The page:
Herbal combo eases menopause complaints
NEW YORK (Reuters Health) – Pairing up two commonly used
herbal medicines is “very effective” for easing physical and
psychological symptoms of menopause, German researchers report.
St. John’s wort is widely used to treat mild to moderate
depression, while women have traditionally taken black cohosh
for menopausal complaints, Dr. Joerg Gruenwald of Analyze &
Realize, a Berlin-based botanical consulting company, and
colleagues write in the February issue of Obstetrics &
To see if a fixed combination of the herbal medicines could
offer an alternative to hormone replacement therapy, the
researchers studied 301 women who had been experiencing
menopausal symptoms for at least three months, along with
depressed mood. Half took the St. John’s wort and black cohosh
combo, while the other half took placebo pills.
In each tablet, the black cohosh contained 1 milligram of
the substances that are believed to be responsible for the
herb’s activity, triterpene glycosides, while the St. John’s
wort component contained 0.25 milligrams of the active
Study participants took the two tablets twice a day for the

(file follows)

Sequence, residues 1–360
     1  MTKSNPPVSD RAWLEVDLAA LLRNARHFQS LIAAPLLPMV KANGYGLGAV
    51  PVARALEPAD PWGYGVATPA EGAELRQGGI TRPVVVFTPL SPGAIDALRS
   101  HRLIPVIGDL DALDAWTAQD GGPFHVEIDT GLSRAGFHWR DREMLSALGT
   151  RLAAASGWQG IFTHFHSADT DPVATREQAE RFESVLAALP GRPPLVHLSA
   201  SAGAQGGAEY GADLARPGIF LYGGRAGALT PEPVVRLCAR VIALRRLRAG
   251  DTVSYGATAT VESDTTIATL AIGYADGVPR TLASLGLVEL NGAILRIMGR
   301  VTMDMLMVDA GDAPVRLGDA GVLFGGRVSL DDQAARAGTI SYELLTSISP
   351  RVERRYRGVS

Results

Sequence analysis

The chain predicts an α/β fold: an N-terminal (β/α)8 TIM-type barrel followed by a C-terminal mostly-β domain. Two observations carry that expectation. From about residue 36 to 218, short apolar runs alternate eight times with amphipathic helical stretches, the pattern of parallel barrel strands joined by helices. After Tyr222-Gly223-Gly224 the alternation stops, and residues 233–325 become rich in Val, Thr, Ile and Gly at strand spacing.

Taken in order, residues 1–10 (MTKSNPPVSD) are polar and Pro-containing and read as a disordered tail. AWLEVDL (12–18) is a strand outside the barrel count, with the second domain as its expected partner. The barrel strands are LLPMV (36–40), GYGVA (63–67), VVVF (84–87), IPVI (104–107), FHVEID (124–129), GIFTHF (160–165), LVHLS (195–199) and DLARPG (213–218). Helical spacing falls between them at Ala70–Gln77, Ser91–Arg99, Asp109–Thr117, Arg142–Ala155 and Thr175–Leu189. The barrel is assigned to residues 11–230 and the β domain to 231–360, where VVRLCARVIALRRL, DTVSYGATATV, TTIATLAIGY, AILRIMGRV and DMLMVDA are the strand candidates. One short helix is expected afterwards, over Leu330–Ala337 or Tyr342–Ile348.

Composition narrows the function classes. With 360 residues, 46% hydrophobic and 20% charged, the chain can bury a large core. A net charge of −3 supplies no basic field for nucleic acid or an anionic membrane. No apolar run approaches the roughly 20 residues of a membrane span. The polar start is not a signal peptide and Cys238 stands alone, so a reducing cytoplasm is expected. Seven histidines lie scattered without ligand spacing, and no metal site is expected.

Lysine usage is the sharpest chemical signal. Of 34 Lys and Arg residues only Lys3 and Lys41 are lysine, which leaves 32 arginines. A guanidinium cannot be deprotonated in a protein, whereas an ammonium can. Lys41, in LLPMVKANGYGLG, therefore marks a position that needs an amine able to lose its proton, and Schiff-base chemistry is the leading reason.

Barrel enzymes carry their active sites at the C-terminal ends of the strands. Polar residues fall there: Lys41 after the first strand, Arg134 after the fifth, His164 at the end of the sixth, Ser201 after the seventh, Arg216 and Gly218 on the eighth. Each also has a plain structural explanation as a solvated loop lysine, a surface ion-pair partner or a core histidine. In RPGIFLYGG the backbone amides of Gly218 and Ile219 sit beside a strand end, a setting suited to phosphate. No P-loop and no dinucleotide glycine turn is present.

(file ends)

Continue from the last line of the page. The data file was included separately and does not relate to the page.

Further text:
first eight weeks of the study, and once daily thereafter.
After 16 weeks, women who took the two-herb combination
showed a 50 percent reduction in symptoms such as hot flashes
and sweating, compared to 19.6 percent for those on placebo.
Scores measuring depression fell by 41.8 percent among women on
the herbal medicines, compared to 12.7 percent for those on
Among patients on the herbal medicines, 62.2 percent rated
the treatment as “good” or “very good” at the end of the study,
compared to 25.6 percent of patients on placebo. There was no
significant difference between the groups in the number of
adverse events or side effects seen from the medicine.
The improvement in menopausal symptoms was similar to that
seen among women taking hormone therapy for three months,
Gruenwald and his team point out. They conclude that the
treatment is safe and effective for easing both depression and
SOURCE: Obstetrics & Gynecology, February 2006.